City Council to consider new development strategy for Alameda Point

City Council to consider new development strategy for Alameda Point

Michele Ellson

The City Council is set tonight to consider a proposed development strategy for Alameda Point, most of which is expected to be in the city’s hands by the end of this year.

City officials want to divide the Point property into three separate areas – two commercial, one residential – that they would prepare for reuse and development, a departure from earlier efforts to get developers to do that work instead. They’re saying the new strategy would offer the city more certainty and control over development at the Point, and could expedite development efforts there.

“Two times, the city went to a developer to entitle the property. That didn’t work, even in good times,” City Manager John Russo said during an update to school board and City Council members on Monday.

Russo said he’s hoping the property will have approvals for construction within the next 18 months. The predevelopment work will cost an estimated $5 million – money city staffers hope to generate by bonding against existing Point lease revenues.

City staffers expect to collect more lease revenues than they spend maintaining the base starting in 2013 and continuing through 2016, according to the staff report to the council. Other options for funding the plan’s predevelopment costs include getting a future developer to reimburse them and paying them off using land sale proceeds, a report to the council said.

The northern portion of the Point, which borders the Bayport housing development and includes the Alameda Point Collaborative housing, Ploughshares Nursery and former officer housing known as the “Big Whites,” could see development of between 1,400 and 1,500 homes, neighborhood retail and parks, according to Russo and the staff report. Mixed-use and larger retail development could also be placed along Atlantic Avenue.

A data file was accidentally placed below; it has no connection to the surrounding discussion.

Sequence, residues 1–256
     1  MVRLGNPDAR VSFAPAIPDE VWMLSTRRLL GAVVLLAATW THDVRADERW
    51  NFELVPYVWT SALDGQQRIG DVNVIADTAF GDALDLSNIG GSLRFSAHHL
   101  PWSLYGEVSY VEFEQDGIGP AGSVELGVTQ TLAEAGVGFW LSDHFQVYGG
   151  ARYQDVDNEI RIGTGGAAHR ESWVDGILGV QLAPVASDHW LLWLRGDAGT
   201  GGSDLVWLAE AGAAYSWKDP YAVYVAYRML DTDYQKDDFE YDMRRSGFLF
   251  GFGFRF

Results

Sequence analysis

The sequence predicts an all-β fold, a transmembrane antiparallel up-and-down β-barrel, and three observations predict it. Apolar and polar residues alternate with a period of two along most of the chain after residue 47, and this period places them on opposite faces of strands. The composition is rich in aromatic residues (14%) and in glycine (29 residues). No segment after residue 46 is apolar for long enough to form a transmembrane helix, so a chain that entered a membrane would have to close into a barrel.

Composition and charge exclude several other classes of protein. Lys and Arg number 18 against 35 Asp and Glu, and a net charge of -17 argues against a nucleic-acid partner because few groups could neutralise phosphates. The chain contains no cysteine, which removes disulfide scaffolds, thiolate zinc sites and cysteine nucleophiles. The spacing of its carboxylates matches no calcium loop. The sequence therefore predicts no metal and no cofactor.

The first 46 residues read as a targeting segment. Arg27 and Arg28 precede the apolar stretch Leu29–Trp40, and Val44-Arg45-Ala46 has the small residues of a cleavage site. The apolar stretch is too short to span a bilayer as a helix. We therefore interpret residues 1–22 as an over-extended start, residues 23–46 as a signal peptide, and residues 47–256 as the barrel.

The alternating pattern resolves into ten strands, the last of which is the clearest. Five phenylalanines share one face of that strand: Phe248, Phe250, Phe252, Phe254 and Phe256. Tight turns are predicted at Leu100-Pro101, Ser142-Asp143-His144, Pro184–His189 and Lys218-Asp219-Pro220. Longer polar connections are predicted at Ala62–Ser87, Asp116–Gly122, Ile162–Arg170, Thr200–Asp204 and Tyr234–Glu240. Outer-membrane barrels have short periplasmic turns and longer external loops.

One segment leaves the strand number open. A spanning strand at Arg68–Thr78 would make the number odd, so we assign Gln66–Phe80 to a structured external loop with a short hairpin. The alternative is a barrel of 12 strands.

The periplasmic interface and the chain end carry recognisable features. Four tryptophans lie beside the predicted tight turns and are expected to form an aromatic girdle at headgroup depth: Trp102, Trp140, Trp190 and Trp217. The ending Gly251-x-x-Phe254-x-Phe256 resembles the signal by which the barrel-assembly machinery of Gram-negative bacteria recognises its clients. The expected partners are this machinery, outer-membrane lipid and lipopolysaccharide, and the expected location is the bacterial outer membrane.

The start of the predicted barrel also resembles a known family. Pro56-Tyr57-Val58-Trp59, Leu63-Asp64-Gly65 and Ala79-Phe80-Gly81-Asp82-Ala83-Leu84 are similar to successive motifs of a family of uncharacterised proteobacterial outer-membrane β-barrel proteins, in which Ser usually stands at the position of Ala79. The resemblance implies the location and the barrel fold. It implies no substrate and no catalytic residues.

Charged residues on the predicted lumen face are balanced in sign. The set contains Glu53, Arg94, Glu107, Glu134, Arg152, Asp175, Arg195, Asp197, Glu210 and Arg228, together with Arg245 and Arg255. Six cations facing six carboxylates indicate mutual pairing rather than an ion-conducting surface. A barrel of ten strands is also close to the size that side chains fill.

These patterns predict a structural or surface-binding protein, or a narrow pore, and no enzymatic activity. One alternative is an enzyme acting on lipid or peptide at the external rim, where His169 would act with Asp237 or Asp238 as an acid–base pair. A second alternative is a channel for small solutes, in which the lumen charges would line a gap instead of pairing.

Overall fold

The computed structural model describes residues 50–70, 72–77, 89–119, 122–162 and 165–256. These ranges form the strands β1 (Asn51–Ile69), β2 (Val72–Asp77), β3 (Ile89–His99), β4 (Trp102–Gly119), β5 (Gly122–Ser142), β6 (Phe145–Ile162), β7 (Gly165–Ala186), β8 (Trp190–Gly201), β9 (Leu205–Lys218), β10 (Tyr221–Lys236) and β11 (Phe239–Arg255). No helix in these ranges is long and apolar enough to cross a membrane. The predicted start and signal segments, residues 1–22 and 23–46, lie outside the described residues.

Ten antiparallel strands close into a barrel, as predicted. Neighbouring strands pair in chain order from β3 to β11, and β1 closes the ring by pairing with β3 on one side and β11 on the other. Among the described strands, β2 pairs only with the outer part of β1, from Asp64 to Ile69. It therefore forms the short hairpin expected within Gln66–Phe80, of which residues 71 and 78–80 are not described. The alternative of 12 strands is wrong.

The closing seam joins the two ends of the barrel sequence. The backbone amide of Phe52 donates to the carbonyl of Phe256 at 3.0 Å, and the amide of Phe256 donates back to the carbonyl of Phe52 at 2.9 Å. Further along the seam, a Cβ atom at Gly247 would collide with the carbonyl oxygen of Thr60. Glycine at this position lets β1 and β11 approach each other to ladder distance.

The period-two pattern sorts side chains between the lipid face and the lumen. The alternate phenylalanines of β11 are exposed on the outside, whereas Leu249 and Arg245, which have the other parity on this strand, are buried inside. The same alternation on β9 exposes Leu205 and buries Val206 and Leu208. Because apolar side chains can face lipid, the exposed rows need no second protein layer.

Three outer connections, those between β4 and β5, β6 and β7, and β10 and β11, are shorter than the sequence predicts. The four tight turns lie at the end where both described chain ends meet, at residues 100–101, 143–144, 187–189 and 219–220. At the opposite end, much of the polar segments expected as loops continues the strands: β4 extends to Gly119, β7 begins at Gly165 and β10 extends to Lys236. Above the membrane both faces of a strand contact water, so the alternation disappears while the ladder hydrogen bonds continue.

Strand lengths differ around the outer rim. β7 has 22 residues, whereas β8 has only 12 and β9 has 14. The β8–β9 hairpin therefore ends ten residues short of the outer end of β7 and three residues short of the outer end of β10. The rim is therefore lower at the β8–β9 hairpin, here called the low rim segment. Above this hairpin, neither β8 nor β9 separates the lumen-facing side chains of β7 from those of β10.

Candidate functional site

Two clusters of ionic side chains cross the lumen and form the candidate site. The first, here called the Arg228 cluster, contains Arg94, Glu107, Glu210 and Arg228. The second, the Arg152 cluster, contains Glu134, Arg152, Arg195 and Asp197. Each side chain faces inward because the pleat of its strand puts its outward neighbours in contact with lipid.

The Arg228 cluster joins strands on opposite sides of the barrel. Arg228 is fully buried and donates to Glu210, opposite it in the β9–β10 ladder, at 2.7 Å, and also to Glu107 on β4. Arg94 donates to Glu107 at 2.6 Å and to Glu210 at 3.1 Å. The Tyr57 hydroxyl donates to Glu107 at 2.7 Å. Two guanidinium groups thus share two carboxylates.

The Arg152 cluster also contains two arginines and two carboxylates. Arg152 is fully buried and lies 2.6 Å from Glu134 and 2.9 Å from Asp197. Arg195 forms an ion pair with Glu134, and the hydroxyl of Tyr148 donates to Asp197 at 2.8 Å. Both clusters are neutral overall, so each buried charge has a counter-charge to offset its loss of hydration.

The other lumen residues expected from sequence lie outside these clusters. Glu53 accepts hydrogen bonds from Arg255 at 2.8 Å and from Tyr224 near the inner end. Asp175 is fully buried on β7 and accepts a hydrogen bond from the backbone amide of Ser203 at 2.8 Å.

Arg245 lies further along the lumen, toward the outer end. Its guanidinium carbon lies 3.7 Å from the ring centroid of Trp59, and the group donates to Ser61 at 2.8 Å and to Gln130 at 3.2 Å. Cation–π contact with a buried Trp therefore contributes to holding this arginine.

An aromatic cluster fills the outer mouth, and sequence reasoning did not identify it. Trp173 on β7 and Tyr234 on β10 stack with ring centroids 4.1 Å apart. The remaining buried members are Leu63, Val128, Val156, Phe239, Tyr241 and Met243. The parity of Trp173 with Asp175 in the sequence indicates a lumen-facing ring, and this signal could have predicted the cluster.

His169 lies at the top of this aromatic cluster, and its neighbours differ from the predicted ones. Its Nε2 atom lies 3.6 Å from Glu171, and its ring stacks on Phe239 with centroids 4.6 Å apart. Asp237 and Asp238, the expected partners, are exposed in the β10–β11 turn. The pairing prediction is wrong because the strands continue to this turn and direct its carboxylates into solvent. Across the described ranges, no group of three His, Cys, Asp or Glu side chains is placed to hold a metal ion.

The city would create a detailed plan for this portion of the Point, offering land use and street plans and architectural guidelines, and then sell off finished “super pads” to developers who would build on them.

Leasing activities would continue in the Point’s historic district, and city officials would seek longer-term leases that would prompt businesses to invest in improving the buildings they’re using. And under the proposed plan, the city would seek another major campus user like Lawrence Berkeley National Laboratory to occupy the southern portion of the Point. Lab managers had considered Alameda Point as a potential home for a planned second campus.

A big question confronting city leaders is how they will pay for water and sewer lines, roads and other infrastructure for the Point projects. Russo said Alameda and other cities seeking to revitalized shuttered military bases, including Concord, that are seeking legislative sponsors for a bill that would allow the cities to set up special finance districts to pay infrastructure costs. As they’re used now, the districts allow those costs to be funded by property tax revenues, just as the city had planned to fund them when redevelopment was still alive.

If that doesn’t work, Alameda Point Chief Operating Officer Jennifer Ott said in an earlier interview, the city will need to seek other options for funding new infrastructure for the Point. City leaders placed $165 million worth of Point improvements on a list of redevelopment bills they say they’re required to pay, though Ott has acknowledged those costs won’t likely be covered by redevelopment funds.

The city had originally planned to allow about 1,700 homes to be built on Alameda Point, and in 2001 they hired a development and finance consortium called Alameda Point Community Partners to do the job. But the last of the partners backed out in 2006. The city then entered a negotiating agreement with SunCal Companies, whose plan to build more than 4,500 homes at the Point was soundly rejected by voters. That company is suing the city for $17 million it paid in predevelopment costs.

After the council effectively booted SunCal off the Island in July 2010, some City Council members suggested the city set up its own nonprofit corporation to develop Alameda Point. The city of Irvine did that to redevelop the Marine Corps Air Station El Toro, though critics of the arrangement have criticized what they saw as the slow progress there.

Irvine and other cities, including Tustin, Novato and Concord, have taken the lead on redeveloping their former military bases, the staff report says.

More than a dozen developers expressed interest in the Point in the wake of SunCal’s departure, and Ott said the interest continues.

“There’s interest in the development community, and as we move along, there’ll be a lot more interest if we take some of the uncertainty out of the equation, especially in this economic climate,” Ott said.